What Are Microglial Cells and How Do They Impact Cognition?
According to recent research, microglial cells within our brains are unsung heroes of cognitive health. In this article, we’ll discuss what microglial cells are, their function, and how they impact our cognitive skills.
What are microglial cells?
Microglia are specialized immune cells residing in the central nervous system. They make up about 10% of our brain cells and are considered the brain’s primary immune defense system.
Previously, scientists thought that after microglial cells play a role in childhood brain development, there became passive cells, responding only to infection or injury in adult brains. However, emerging research has shown that their functions extend beyond immune response. They actually play a significant role in cognition for the duration of our lives.
How do they affect cognition?
Microglial cells play a pivotal role in maintaining brain health by monitoring the brain’s environment and promptly responding to any disturbances. When the brain is injured or infected, microglia become activated, releasing cytokines and capturing any harmful debris. Of course, this immune response is vital to our overall brain health, so microglia are indirectly crucial to our cognitive health.
However, they may play more direct role than previously thought. A subset of microglial cells known as ARG1+ play a role in cognitive functions. Researchers have used advanced imaging techniques to find that these cells are especially abundant during childhood brain development and contribute to the development of cognitive functions. They are less prevalent during adulthood, but still critical for learning and memory.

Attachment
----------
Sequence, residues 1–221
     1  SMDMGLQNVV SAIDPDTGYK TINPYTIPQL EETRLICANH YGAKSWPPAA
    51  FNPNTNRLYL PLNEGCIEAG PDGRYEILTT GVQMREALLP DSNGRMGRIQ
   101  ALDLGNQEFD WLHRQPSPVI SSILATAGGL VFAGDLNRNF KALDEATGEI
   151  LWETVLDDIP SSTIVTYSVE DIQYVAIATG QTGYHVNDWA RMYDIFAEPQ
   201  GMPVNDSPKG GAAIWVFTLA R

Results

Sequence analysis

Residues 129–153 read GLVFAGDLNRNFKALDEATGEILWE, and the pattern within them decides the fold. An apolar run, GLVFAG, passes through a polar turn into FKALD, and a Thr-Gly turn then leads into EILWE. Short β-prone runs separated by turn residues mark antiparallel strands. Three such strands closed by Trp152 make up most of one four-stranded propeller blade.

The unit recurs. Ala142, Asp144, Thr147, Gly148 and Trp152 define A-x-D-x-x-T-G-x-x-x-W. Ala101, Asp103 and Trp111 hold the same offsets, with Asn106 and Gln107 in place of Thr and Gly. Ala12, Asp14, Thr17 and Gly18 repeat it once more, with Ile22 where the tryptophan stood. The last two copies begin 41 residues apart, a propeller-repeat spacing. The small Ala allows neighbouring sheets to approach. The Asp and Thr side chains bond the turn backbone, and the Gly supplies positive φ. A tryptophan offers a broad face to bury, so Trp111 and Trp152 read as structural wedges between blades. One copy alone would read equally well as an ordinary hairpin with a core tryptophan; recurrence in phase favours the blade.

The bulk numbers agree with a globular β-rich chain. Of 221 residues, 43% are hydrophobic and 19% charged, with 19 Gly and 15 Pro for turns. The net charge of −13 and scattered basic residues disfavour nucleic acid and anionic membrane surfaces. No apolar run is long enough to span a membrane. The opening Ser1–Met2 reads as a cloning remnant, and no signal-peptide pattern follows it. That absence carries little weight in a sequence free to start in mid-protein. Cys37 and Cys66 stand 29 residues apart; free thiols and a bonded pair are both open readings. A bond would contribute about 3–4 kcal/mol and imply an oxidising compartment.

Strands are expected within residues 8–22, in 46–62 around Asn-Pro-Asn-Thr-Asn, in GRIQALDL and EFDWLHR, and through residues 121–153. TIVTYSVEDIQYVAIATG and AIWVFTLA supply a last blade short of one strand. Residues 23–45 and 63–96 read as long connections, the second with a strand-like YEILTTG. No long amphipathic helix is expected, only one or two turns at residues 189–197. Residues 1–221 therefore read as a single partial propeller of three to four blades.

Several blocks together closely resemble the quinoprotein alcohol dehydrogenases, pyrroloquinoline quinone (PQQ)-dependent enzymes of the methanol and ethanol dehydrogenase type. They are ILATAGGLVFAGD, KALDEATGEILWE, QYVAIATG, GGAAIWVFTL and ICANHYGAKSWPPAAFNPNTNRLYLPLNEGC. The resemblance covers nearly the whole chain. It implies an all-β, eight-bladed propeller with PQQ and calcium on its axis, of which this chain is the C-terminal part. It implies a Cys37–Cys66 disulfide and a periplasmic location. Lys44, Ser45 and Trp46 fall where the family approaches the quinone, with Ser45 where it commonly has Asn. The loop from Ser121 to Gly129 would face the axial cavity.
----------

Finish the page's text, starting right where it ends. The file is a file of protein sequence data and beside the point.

In recent research, scientists have found that animals with less microglial activity displayed cognitive deficits. Specifically, the cells are linked to activity in the hippocampus, which deals with learning and memory. Apparently, fewer microglia in the hippocampus may cause the cognitive deficits seen in Alzheimer’s disease.
Researchers noted that female individuals are more likely to experience cognitive deficits due to a lack of microglial cells, which directly correlates with the demographics of people who have Alzheimer’s. Women are more likely than men to experience Alzheimer’s disease.
Different research found that a lack of microglia affected spatial memory in mice, but did not affect social behavior. Trials with mice may not reflect the full range of intricate cognitive functions that humans have, so researchers will need to complete further studies to determine the connection between microglia and cognition. However, this information can provide new insights into neurodegenerative diseases and pave the way for new treatment possibilities.
Even if you aren’t a neuroscientist or a clinician working with cognition, learning about cognition and brain function is valuable. Microglia play an essential role in our brain development and function. Here at HappyNeuron, we’re excited to see how research progresses for these helpful yet mysterious cells.